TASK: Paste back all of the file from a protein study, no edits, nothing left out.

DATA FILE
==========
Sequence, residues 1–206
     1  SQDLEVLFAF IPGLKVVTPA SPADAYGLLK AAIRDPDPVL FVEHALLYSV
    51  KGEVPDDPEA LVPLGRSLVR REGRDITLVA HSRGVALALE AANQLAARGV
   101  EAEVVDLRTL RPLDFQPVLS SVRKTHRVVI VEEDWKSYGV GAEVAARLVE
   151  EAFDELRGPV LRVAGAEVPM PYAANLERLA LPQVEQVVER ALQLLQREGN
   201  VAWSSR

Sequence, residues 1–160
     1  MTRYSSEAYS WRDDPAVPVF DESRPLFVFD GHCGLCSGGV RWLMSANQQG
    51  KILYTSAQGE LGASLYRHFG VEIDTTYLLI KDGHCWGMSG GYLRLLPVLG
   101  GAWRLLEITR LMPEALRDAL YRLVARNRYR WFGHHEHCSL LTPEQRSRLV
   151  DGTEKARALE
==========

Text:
Sequence, residues 1–206
     1  SQDLEVLFAF IPGLKVVTPA SPADAYGLLK AAIRDPDPVL FVEHALLYSV
    51  KGEVPDDPEA LVPLGRSLVR REGRDITLVA HSRGVALALE AANQLAARGV
   101  EAEVVDLRTL RPLDFQPVLS SVRKTHRVVI VEEDWKSYGV GAEVAARLVE
   151  EAFDELRGPV LRVAGAEVPM PYAANLERLA LPQVEQVVER ALQLLQREGN
   201  VAWSSR

Sequence, residues 1–160
     1  MTRYSSEAYS WRDDPAVPVF DESRPLFVFD GHCGLCSGGV RWLMSANQQG
    51  KILYTSAQGE LGASLYRHFG VEIDTTYLLI KDGHCWGMSG GYLRLLPVLG
   101  GAWRLLEITR LMPEALRDAL YRLVARNRYR WFGHHEHCSL LTPEQRSRLV
   151  DGTEKARALE